BUSINESS leaders in Milton Keynes and Northamptonshire welcomed the leap in economic growth in the second quarter of 2021.
But the Chambers of Commerce is warning that the 4.8% growth in GDP between April and June still leaves economic output under pre-pandemic levels.
Sean Rose, policy executive at Milton Keynes and Northamptonshire Chambers of Commerce, said: “We have seen the economy opening up in recent months as Covid-19 restrictions have eased and that is reflected in this leap in the GDP numbers for the second quarter of the year, which is very welcome.
“However, the economy is still short of its peak and there are undoubtedly many underlying issues that are going to weigh on businesses even now the vast majority of restrictions have been lifted.
“Businesses across the region are still going to need support as they move from survival mode to looking to grow again, while the government must remain fleet of foot in dealing with any unforeseen issues that arise as the economy recovers.”
Suren Thiru, head of economics at the British Chambers of Commerce, said: “The latest data confirms a robust rebound in output in the second quarter as the UK economy unlocked and restrictions eased.
“The increase in output in the second quarter largely reflected a striking rise in household spending as the easing of restrictions helped consumers spend some of their ‘unanticipated’ savings accumulated during lockdowns, boosting output from consumer-facing services firms.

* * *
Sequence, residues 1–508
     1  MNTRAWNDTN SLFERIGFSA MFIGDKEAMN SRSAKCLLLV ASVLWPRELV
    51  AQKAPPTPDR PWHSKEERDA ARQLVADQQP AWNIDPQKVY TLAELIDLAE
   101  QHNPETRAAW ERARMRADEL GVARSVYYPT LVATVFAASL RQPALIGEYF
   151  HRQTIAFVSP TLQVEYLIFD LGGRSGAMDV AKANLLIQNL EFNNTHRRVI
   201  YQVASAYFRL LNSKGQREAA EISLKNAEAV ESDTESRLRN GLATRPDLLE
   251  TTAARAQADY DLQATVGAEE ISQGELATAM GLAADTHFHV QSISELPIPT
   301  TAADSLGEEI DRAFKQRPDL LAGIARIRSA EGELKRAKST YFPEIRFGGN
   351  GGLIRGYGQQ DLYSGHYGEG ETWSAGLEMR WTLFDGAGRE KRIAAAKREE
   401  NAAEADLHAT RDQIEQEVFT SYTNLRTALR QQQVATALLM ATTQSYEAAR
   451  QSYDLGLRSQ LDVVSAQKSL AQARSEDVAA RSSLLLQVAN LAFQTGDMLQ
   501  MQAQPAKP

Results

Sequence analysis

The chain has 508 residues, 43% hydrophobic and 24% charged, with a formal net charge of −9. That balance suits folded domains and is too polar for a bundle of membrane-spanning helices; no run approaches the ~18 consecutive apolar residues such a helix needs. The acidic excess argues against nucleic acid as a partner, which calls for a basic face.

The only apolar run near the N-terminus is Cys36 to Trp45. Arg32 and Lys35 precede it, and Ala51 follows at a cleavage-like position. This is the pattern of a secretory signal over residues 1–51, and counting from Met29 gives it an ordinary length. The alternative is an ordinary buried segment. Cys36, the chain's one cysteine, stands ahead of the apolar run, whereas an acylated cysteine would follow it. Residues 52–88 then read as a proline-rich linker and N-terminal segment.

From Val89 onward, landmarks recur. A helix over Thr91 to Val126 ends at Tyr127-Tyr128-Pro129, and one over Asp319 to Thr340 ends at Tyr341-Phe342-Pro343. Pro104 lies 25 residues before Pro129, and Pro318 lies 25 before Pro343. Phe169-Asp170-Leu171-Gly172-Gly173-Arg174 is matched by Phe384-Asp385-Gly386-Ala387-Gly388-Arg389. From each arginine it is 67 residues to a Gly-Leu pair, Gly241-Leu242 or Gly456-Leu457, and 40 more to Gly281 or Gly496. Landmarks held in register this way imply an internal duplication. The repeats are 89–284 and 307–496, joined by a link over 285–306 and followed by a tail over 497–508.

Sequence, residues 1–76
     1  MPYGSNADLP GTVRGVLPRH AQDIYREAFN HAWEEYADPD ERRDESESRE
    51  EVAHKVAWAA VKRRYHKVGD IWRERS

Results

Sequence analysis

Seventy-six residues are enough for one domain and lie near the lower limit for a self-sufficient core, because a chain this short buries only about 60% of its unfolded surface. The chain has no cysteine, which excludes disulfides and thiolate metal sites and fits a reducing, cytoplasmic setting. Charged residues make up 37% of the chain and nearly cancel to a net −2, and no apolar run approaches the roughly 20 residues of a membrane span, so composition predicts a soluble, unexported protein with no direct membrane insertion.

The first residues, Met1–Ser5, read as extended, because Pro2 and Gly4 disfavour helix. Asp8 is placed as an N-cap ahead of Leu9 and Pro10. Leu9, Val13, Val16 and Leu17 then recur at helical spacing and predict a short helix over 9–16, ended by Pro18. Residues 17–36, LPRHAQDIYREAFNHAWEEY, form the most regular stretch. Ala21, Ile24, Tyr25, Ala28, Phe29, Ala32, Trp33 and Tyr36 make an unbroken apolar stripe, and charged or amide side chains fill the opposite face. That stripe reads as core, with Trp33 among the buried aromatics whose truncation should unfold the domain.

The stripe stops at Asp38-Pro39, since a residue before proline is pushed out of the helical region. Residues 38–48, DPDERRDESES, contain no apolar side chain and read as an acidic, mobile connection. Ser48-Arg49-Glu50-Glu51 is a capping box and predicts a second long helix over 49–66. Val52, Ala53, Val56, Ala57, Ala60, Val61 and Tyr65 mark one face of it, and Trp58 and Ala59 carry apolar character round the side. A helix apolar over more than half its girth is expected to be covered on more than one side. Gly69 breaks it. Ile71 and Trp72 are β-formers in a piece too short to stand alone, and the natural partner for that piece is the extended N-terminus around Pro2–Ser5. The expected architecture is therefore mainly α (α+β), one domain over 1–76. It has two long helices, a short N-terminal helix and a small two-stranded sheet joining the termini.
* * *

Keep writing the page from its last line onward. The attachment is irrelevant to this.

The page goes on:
“Business investment remains well short of pre-pandemic levels following an underwhelming revival in the second quarter and means that it may be a weak point of the recovery, limiting UK productivity and competitiveness.
“Strong growth in the second quarter may be the high point for the UK economy with economic activity likely to moderate in the third quarter as staff shortages, supply chain disruption and consumer caution to spend limits any gains from the lifting of restrictions in July.
“Against this backdrop, policy makers must guard against complacency over the underlying strength of the recovery. A comprehensive rebuild strategy to turbo-charge growth post Covid is needed, alongside a clear plan for dealing with any future virus response, to give firms the confidence to start firing on all cylinders again.”